Atlanta is poised to become the latest in a growing number of U.S. cities in which prosecutors have pledged not to seek the death penalty or to use it more sparingly.

On May 26, 2020, at a candidate forum hosted by the Georgia Justice Reform Partnership, all three Democratic candidates in Fulton County, Georgia’s June 9 primary election for District Attorney said they would not seek the death penalty. With no Republican opponent in the general election, the winner of the Democratic primary will become D.A. for the Atlanta Judicial Circuit, which will likely not have any new death-penalty cases in the foreseeable future.

The pledge marked a major shift in policy by incumbent Fulton County D.A. Paul Howard, a former chair of the Prosecuting Attorney’s Council of Georgia. Howard has been one of the most aggressive pursuers of the death penalty in Georgia, seeking capital punishment in about 40 cases since 2005. Death sentences were imposed in two of those cases, one of which has been overturned in the courts. His two challengers — former chief deputy District Attorney Fani Willis and Christian Wise Smith, also a former Atlanta prosecutor — told the Reform Partnership that they would not seek death and would withdraw death notices in the nine capital cases currently pending in the office.

Since 2015, prosecutors have been replaced in one-third of the 32 most prolific death-sentencing counties in the country, most frequently by candidates pledging to make systemic reforms in the enforcement of the criminal laws. New District Attorneys in Philadelphia, Denver, St. Louis City and County, Portland, San Francisco, and in the Washington, D.C. suburbs of Northern Virginia have said they will not seek the death penalty.

During the candidate forum, representatives of the Georgia Justice Reform Partnership asked the District Attorney candidates if they would pledge to not seek the death penalty if elected. All three agreed.

Howard proposed a three-phased approach for eliminating the death penalty for most murders but stopped short of advocating its abolition. He recommended that the governor appoint a commission to examine the death penalty and collect input from citizens, followed by a 5- to 10-year moratorium on capital punishment, during which crime statistics would be collected and analyzed to assess whether the moratorium had any effect on crime rates, followed in turn by a vote on a constitutional amendment that would ban capital punishment for all crimes except terrorism or the murders of multiple children. After the forum, Harris told the Atlanta Journal-Constitution, “I believe Georgia should lead the nation in coming to grips with a criminal sentence that might have outlived its usefulness.” He said he would consider withdrawing the death penalty from the county’s nine pending capital cases through a “case-by-case analysis.”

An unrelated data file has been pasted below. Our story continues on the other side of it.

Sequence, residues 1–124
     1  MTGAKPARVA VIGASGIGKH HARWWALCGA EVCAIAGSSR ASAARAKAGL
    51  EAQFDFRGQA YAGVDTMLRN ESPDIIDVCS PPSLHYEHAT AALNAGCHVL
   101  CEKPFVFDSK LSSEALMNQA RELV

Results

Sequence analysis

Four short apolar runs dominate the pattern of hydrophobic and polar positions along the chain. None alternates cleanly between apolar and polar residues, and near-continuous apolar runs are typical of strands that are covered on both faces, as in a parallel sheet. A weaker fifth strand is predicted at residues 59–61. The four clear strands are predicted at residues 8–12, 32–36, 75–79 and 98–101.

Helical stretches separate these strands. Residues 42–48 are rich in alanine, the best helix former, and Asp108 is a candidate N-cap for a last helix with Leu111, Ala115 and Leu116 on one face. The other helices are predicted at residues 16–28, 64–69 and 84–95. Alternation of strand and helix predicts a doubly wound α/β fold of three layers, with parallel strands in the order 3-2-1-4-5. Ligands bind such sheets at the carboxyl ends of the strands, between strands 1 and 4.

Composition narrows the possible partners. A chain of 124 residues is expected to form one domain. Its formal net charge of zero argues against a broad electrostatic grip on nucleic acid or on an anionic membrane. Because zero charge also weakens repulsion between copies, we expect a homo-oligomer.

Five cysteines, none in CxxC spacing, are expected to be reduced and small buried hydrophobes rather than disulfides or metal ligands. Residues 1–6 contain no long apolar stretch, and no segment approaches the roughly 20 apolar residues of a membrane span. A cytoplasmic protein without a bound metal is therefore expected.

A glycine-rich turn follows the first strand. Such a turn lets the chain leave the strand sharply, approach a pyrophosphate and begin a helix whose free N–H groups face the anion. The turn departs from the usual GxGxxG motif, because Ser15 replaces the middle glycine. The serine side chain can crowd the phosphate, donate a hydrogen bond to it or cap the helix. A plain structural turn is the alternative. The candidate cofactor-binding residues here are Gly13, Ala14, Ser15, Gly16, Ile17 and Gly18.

Challenger Christian Wise Smith expressed his opposition to the death penalty in his opening remarks, calling it “inhumane” and “expensive.” In particular, he cited concerns about innocence, noting the dozens of death-row prisoners exonerated by DNA evidence. [Note—the Death Penalty Information Center exoneration list identifies 24 cases in which DNA played a major role in the exoneration.] “My concern,” Smith said, “is if you get a death penalty case wrong there’s no coming back.” He pledged to withdraw death notices in all pending cases and not to seek it going forward.

Former chief deputy Willis said she “believe[s] that life without parole is an appropriate remedy” and that she “cannot foresee a case” in which she would seek the penalty. She said that she had prosecuted hundreds of murder cases in her career as a prosecutor and could think of only one that warranted a death sentence: a defendant who killed four people after escaping from custody while on trial for rape. Ironically, that case ended in a life sentence after the state spent millions seeking death.

Georgia has imposed only one death sentence since 2014. In that case, defendant Tiffany Moss was allowed to represent herself despite evidence that she had damage to the brain regions responsible for executive function, decision making, and impulse control. She presented no defense or mitigation, and the jury sentenced her to death.


Bill Rankin, Fulton DA, two chal­lengers com­mit to not seek­ing the death penal­ty, Atlanta Journal-Constitution, May 28, 2020; Bill Rankin, Death Penalty on the Wane in Georgia, Atlanta Journal-Constitution, January 112019.